Ever since the emergence of scientific medicine, the exponential growth of medical knowledge has been a perennial source of concern for medical educators. Overloaded medical school curricula place considerable stress on learners and on the faculty who design curricula that seek to maintain “work-life balance” for learners. Medical education administrators struggle to balance competing demands for time and attention from basic science and clinical departments who guard their special area of knowledge. The overload phenomenon, while not new by any means, has taken on greater urgency with the integration of information technologies into medical education and practice. Not only is a vast amount of information available, but this information is changing rapidly. It has become clear that information management is becoming as important a skill for clinicians as learning basic knowledge and skills.
Having to learn information management skills is just one example of a fourth major challenge to medical education. This is the expansion of related skills and educational goals beyond biomedical knowledge and basic patient care. Many are advocating for additional training of physicians in medical ethics, informatics, inter-professional and team collaboration skills, advanced communications, international medicine, patient advocacy, and many more. Each of these reflects a relevant aspect of medical care, but finding ways to add these topics to an already overloaded curriculum requires setting explicit priorities among mutually desirable options. Selecting and pursuing these alternatives is one way medical schools distinguish themselves from each other, but they also become areas of competition among faculty advocates within most medical schools.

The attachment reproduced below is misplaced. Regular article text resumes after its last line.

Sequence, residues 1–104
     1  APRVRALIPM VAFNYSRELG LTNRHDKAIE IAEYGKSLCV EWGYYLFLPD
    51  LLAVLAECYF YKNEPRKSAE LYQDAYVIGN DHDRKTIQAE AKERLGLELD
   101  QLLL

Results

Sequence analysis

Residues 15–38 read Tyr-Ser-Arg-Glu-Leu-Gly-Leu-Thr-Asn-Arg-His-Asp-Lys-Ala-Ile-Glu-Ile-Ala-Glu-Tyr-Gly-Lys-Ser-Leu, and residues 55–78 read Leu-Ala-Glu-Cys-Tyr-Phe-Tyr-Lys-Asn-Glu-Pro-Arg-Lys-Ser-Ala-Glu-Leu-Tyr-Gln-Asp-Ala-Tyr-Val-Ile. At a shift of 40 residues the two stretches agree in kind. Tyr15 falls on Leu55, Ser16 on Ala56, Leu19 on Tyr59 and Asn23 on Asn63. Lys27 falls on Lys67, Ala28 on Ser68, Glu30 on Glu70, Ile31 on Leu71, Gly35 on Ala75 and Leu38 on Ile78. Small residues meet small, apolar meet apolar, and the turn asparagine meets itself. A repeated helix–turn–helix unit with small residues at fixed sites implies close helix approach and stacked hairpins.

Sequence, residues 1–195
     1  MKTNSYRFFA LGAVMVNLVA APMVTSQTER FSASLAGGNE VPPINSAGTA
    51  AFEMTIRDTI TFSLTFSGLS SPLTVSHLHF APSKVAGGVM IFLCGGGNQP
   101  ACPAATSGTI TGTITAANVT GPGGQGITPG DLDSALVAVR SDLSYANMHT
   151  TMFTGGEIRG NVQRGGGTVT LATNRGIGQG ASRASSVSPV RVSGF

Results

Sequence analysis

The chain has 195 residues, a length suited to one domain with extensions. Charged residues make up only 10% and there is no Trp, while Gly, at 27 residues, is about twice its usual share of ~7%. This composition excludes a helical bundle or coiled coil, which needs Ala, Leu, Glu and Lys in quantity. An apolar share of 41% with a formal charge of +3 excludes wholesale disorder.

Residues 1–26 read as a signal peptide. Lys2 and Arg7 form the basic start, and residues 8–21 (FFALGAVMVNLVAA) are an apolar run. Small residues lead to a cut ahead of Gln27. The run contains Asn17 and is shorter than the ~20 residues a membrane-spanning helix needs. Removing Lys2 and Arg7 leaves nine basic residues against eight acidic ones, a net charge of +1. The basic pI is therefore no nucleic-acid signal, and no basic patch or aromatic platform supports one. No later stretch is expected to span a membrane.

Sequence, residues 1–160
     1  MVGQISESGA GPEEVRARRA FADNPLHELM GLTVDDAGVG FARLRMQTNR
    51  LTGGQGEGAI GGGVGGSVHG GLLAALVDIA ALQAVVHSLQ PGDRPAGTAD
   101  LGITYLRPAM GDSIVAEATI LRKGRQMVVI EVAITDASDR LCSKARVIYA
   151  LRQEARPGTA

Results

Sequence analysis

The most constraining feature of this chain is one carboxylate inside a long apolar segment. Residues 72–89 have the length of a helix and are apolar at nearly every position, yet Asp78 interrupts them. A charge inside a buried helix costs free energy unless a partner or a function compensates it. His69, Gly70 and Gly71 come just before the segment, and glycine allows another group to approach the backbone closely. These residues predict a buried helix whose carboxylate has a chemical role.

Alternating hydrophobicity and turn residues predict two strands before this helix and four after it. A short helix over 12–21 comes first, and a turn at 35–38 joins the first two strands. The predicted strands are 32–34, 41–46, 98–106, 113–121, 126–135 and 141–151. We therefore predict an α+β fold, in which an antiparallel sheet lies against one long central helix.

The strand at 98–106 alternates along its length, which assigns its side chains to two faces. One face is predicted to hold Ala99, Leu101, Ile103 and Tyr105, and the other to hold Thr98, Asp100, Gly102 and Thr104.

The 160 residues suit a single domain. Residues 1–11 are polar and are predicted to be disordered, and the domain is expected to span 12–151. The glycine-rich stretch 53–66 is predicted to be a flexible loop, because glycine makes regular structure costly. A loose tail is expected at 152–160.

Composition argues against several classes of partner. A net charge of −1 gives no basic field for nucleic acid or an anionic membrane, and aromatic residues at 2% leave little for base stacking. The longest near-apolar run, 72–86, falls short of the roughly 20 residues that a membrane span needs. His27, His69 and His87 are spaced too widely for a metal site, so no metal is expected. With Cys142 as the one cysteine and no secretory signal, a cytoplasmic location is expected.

Perhaps the greatest challenge is the rapid and dramatic change in the U.S. health care landscape. Advances in treatment and biomedical science alter what needs to be learned, but more profoundly, seismic changes in the organization of health care, its delivery, and financing alter how medicine is practiced. Today’s physicians practice in a very different environment from that of their predecessors and today’s learners will practice in yet another environment. The challenge for medical education is to prepare learners for the future rather than for the present. Predicting and preparing for the future is, of course, a very hazardous and uncertain process, but there is broad agreement that NOT doing so is hardly an option. One theme that has emerged out of this turmoil is the renewed recognition that learning does not and cannot end with a physician’s formal education. Continuing professional development, often tailored to the clinical environment in which a physician working, is emerging as a major focus for health care institutions and even licensing boards.
These challenges (and many others) have led to a considerable growth in the number of physicians who are seeking advanced training in education. More and more medical school faculty recognize that content expertise is not enough for providing high-quality education and many medical schools are supporting faculty in acquiring further educational skills and knowledge. These faculty join with many education experts and researchers to explore innovative solutions and evaluate their impact on future physicians and their practice.
Author Perspective: Administrator